- What occurs when a taxpayer’s dispute document does not meet the required standard (is deficient); and
- Where there is an existing dispute, how an additional adjustment (or increase in a taxpayer’s tax liability) may be proposed.
Links: SPS 23/01
Relevant dates: Applies from 24 February 2023
Issued: 24 February 2023
IR has published a determination which lists the national standard costs for specified livestock pursuant to s EC 23 of the Income Tax Act 2007. This covers livestock in the categories of sheep, dairy cattle, beef cattle, deer, pigs, dairy goats and goats for meat and fibre.
Links: NSC 2023
Relevant dates: Applies to livestock on hand at the end of the 2022-23 income year
Issued: 7 March 2023
IR has published a determination setting out the amortisation rates for landfill cell construction expenditure for taxpayers who meet the criteria under s DB 46 of the Income Tax Act 2007 and have incurred landfill cell construction expenditure in an income year starting on or after 1 April 2022.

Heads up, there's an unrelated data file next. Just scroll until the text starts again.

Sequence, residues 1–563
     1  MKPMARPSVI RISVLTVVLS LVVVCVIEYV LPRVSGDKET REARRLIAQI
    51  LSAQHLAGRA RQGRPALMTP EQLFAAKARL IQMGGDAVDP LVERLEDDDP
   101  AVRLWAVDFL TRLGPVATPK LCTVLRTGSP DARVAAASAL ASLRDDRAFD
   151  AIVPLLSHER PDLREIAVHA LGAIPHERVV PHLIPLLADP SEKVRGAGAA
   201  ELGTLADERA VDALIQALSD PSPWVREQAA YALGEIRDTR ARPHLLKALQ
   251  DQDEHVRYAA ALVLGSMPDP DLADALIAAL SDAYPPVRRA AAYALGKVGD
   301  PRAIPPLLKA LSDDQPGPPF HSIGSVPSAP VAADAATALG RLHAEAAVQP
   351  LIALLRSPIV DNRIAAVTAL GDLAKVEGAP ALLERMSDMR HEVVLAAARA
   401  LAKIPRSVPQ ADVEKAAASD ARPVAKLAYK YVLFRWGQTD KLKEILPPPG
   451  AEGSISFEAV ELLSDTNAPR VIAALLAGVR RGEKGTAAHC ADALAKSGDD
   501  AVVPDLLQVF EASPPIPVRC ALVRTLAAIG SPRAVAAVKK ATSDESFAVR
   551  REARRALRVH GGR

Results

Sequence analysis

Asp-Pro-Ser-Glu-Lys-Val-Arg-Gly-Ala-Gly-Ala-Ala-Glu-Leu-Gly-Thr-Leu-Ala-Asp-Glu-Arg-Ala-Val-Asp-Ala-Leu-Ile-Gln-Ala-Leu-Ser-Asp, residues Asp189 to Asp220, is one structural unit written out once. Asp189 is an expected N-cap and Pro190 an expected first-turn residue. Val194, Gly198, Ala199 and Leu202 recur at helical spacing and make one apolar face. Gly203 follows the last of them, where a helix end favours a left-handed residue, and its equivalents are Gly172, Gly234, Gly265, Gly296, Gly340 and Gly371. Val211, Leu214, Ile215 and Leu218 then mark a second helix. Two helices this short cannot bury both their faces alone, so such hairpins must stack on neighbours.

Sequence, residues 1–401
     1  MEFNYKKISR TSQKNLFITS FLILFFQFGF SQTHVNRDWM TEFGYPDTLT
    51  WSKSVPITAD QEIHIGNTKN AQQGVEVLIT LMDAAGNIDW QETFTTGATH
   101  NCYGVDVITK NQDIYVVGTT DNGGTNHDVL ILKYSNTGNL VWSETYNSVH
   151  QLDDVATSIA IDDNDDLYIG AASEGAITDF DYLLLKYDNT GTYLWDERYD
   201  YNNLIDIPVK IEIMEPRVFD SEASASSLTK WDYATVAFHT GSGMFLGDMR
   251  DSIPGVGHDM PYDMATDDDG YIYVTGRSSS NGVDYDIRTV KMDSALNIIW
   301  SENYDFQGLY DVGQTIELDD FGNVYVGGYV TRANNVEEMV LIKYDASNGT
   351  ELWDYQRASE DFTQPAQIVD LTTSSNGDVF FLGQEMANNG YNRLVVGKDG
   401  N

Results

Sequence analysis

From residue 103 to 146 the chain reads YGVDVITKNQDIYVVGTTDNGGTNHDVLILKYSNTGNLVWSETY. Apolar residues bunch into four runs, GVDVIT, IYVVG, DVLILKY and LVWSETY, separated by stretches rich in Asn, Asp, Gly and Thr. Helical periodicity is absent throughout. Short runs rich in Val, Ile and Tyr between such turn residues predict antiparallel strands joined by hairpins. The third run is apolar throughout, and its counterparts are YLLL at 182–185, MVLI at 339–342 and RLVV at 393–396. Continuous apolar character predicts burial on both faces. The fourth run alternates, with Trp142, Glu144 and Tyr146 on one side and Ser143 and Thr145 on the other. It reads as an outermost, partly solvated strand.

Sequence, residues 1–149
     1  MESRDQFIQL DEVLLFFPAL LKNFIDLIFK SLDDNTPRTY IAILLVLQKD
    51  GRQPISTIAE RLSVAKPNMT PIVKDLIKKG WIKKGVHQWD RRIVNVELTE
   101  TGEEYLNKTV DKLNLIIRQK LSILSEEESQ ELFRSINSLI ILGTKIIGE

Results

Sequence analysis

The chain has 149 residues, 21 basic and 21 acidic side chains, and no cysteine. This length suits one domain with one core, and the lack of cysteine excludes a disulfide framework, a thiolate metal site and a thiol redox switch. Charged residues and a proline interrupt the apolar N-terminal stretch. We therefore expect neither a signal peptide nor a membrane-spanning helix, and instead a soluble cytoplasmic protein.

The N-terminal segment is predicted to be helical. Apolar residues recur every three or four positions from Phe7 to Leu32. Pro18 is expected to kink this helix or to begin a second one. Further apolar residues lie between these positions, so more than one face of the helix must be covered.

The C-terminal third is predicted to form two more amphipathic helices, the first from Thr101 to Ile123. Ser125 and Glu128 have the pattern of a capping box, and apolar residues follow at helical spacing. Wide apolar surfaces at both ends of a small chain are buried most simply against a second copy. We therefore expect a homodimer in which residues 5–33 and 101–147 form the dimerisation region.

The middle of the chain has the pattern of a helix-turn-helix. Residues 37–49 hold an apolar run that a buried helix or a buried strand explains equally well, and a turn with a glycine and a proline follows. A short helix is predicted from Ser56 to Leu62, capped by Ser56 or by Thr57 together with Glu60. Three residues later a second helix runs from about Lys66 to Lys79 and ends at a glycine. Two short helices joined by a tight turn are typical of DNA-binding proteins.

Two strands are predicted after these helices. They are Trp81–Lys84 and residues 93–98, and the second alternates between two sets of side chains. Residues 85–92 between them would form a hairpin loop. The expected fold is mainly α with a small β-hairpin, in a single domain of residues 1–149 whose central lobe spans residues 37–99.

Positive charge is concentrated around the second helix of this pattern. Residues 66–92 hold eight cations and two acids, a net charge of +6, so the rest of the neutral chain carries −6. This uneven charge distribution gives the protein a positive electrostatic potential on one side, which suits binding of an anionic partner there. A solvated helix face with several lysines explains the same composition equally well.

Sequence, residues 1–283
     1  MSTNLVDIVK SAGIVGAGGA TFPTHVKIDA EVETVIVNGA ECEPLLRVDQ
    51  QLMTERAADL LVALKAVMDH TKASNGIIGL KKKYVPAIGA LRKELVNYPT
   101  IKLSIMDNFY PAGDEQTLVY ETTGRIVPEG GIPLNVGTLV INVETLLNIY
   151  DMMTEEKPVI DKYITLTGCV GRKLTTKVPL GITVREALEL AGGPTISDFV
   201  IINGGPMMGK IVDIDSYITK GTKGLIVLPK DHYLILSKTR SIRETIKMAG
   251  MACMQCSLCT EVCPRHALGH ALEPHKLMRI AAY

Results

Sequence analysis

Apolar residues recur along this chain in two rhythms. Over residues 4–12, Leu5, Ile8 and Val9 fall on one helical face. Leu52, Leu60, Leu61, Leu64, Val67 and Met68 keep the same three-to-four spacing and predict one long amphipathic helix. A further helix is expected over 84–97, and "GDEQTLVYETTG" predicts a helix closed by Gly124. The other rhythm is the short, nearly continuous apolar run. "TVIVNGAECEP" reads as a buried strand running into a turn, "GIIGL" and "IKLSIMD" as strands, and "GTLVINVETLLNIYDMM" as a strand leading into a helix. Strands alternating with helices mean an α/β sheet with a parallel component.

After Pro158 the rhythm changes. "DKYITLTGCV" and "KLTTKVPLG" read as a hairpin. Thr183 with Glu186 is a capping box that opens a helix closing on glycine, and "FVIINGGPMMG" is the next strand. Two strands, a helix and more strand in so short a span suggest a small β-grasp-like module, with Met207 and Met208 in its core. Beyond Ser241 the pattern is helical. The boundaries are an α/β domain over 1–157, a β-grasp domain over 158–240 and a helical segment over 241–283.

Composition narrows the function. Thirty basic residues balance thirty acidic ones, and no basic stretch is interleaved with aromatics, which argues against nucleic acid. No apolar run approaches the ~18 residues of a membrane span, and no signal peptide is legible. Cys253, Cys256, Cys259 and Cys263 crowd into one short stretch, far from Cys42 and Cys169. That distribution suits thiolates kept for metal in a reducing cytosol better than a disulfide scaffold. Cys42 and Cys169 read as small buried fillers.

The rates are set at either 63.5% straight-line equivalent, or 63.5% diminishing value.
This determination replaced DET 05/02 (issued in November 2005).
Links: DET 23/01
Relevant dates: Applies from the 2022-23 income year
Issued: 7 March 2023
This draft Question We’ve Been Asked (“QWBA”) considers whether individual GST-registered members of an unincorporated body (which is not itself liable to or does not register for GST) can claim input tax deductions:
- for their share of costs incurred by the unincorporated body; and
- for their contributions to the unincorporated body.
IR concludes that no, input tax deductions are not available for the individual members in either case (except in limited circumstances for question number 2).